People dismayed at the decision of the Tata-owned Titan Company to withdraw its controversial Tanishq advertisement should turn to history for perspective. In January 2015, Prime Minister Narendra Modi released a commemorative coin to mark the 175th birth anniversary of Jamsetji Nusserwanji Tata, the Tata Group founder. This honour was bestowed for the first time on an industrialist. Over a century earlier, the British Indian government handed over to the Tatas 25 square miles in Jamshedpur, for which they paid merely Rs 12,000 to thousands of peasant cultivators dispossessed of their land.
The details of the British-Tata deal are in historian Dilip Simeon’s The Politics of Labour Under Late Colonialism. Simeon, in a 2015 interview, said, “Let us have no illusion – if you want to build a gigantic steel plant like TISCO [Tata Iron and Steel Company, Jamshedpur]…then you have to work with the power that exists.” After Jamshedpur was founded, the nationalistic fervour of the Tatas fluctuated with the shifts in the ruler’s attitude towards the national movement.
Jamsetji’s initial capital came from shipping opium to China. Alarmed at opium addiction among its people, China sought to curb the opium trade in the 19th century, following which the British accused China of undermining the idea of free trade. Two wars were fought – China’s defeat on each occasion had the British and Indian traders prosper. Trade in opium was legal then. Yet it was not morally right of Jamsetji to have had a role in debilitating a nation. “The whole history of capitalism is the creation of mythology,” novelist Amitav Ghosh remarked in an interview on his Ibis trilogy, a work of fiction dealing with the opium trade.
That myth is still perpetuated to conceal the relationship between power, capital, consumption and ideas. The depiction of an inter-faith marriage in the Tanishq advertisement was legal, as our laws recognise such relationships. These are not fictitious, but rare: Only 2.1 per cent of marriages in India in 2005-06 were inter-faith, according to a National Health Survey.
It is, therefore, a puzzle why the relative rarity of inter-faith marriages prompted the makers of the Tanishq advertisement to depict a Hindu-Muslim couple. One possible reason is that inter-faith marriages signify modernity, which has an appeal for educated middle-class women. The advertisement subliminally transfers the idea of modernity to the Tanishq jewellery brand in order to boost sales.
Inter-faith marriages are, however, also contentious. India’s first big post-Independence riot was in Jabalpur, sparked because the daughter of a prominent Hindu businessman eloped, in 1961, with a Muslim. But inter-faith marriages are also idealised in Hindi films, as a marker of an India defying community identity to fashion social harmony anchored in individualism.
In the bulk of films depicting inter-faith relationships, though, the women are Muslim. It was against this dominant trend the Tanishq advertisement went, provoking Hindutva supporters to take to social media to accuse the Tatas of promoting love jihad and calling for the boycott of Tanishq. Their fury scared the Tatas into withdrawing the advert.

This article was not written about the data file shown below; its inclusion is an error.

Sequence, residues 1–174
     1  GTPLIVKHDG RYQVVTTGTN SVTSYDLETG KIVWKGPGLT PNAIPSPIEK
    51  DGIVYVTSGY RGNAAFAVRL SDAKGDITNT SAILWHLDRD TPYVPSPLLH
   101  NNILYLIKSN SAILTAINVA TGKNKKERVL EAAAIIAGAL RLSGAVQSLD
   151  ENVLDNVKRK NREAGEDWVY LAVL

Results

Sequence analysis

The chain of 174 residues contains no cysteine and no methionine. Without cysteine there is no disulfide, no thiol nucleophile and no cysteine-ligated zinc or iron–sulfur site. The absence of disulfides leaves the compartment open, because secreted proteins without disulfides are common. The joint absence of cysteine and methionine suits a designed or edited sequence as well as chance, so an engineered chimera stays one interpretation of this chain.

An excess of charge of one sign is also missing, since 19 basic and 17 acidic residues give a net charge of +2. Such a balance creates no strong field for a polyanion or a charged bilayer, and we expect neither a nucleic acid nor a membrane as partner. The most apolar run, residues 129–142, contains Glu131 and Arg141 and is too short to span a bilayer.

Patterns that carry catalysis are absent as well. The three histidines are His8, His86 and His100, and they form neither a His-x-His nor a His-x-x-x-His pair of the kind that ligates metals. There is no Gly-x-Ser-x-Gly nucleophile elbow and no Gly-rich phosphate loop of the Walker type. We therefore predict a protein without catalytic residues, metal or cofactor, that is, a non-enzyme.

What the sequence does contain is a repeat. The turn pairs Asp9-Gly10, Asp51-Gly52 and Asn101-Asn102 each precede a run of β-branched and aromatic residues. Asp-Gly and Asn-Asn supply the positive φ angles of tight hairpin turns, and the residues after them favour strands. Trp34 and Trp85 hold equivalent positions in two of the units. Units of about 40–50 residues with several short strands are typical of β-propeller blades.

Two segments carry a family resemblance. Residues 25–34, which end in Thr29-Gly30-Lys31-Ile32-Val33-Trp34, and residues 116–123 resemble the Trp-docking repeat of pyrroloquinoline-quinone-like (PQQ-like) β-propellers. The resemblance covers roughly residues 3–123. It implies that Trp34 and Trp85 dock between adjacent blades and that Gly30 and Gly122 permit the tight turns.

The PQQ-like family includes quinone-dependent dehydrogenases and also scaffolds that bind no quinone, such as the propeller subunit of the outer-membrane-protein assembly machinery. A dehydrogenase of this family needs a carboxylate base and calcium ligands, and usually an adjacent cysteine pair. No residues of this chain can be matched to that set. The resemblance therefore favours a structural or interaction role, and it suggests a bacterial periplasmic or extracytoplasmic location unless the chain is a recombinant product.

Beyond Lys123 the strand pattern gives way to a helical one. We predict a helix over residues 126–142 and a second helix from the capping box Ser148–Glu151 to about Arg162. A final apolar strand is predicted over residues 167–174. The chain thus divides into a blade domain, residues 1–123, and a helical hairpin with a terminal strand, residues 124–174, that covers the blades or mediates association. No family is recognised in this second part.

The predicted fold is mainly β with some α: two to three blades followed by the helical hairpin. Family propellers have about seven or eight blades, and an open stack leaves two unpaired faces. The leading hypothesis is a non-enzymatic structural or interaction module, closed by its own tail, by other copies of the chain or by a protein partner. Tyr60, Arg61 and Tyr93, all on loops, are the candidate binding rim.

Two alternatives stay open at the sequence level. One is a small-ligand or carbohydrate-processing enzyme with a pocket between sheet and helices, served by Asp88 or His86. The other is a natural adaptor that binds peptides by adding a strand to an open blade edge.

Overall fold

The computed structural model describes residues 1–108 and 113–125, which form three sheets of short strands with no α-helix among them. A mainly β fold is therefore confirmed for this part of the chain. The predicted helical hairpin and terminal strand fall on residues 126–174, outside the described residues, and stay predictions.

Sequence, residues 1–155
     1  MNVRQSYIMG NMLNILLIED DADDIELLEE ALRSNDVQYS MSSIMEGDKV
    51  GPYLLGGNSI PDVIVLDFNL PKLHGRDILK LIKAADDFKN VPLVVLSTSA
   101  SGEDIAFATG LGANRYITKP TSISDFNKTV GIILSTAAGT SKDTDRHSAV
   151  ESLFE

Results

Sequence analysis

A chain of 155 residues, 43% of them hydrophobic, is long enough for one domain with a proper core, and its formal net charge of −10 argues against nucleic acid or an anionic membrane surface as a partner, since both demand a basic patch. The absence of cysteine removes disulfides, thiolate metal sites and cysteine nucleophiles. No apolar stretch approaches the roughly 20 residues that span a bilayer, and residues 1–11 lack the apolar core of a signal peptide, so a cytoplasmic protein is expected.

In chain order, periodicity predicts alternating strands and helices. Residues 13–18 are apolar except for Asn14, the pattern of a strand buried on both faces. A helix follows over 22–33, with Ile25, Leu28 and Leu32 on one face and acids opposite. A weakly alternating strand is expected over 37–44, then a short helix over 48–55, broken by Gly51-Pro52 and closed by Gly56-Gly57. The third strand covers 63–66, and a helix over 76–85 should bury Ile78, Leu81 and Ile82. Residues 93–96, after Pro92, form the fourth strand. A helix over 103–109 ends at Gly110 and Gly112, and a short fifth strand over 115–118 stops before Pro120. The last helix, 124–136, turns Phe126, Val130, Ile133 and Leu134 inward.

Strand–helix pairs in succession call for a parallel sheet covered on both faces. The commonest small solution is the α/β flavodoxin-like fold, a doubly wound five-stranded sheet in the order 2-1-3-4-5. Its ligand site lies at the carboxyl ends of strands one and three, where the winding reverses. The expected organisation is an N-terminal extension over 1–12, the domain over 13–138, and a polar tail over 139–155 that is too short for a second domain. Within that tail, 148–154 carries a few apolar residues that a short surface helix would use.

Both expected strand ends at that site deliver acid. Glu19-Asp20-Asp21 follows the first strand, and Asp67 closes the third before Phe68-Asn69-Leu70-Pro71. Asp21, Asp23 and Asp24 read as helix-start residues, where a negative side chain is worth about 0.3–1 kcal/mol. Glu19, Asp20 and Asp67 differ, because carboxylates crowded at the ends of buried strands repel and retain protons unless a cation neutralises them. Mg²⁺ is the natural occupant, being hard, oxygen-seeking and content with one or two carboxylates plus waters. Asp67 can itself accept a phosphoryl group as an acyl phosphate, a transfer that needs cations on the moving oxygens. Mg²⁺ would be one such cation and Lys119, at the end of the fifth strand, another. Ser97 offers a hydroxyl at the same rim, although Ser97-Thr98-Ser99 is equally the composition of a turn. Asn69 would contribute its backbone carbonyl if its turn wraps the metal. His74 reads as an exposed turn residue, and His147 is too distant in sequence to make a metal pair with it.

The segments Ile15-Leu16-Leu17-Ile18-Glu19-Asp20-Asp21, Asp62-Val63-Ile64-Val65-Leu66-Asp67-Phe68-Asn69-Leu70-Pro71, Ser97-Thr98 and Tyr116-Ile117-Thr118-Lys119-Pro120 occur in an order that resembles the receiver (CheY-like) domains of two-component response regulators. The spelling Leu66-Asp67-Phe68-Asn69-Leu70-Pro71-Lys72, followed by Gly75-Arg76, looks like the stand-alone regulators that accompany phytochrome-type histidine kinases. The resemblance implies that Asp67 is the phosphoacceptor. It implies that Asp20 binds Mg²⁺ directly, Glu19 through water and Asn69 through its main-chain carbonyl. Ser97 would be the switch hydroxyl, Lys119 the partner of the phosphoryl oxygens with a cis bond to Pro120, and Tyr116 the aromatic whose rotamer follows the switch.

It seems incredible that the Tatas did not anticipate the backlash. As recently as 2018, Uttarakhand banned Kedarnath for showing a Hindu girl in love with a Muslim man, who, quite conveniently, dies in the film’s climax — perhaps the reason why the rest of India was not outraged. The Tanishq advert, by contrast, explodes with happiness. Not for it, the pathos witnessed in, say, My Name is Khan, in which an autistic Muslim man marries a Hindu woman with a child.
In fact, those who cheered the Tanishq advertisement did so because they perceived its visualisation as a conscious decision by the Tatas to challenge the love jihad narrative: A Hindu girl married to a Muslim not only follows her faith, but even her in-laws respect her religious traditions. The foregrounding of unalloyed happiness in the Tanishq visuals became an audacious argument against Hindutva.
It may seem a stretch for a corporate behemoth like the Tatas to withdraw the advertisement out of the fear of social media warriors. Yet we cannot ignore that we are living in a post-May 2019 era, which saw the Bharatiya Janata Party return to power with a majority even bigger than it had in 2014. It has evidently emboldened the purveyors of hate, some among them followed by even the Prime Minister on social media. Is it too hard to imagine Hindutva hotheads ransacking a few Tanishq outlets in case the advertisement had not been withdrawn, and battering their staff? It was correct of the Tatas to not expose those who had no role in the making of the advert to its possible consequences.
That said, the joke was always on us. When did you last hear Ratan Tata, the most recognisable Tata face, speak out against the culture of hate? The Tatas, as all capitalists, are in the business of squeezing ideas for profits. Their stature and philanthropy numb us from realising that we are the Chinese of the 19th century. The Tatas cannot be on our side in the fight against hate. They will always be on the winning side.
(The writer is a senior journalist. The views expressed in this column are the individual’s)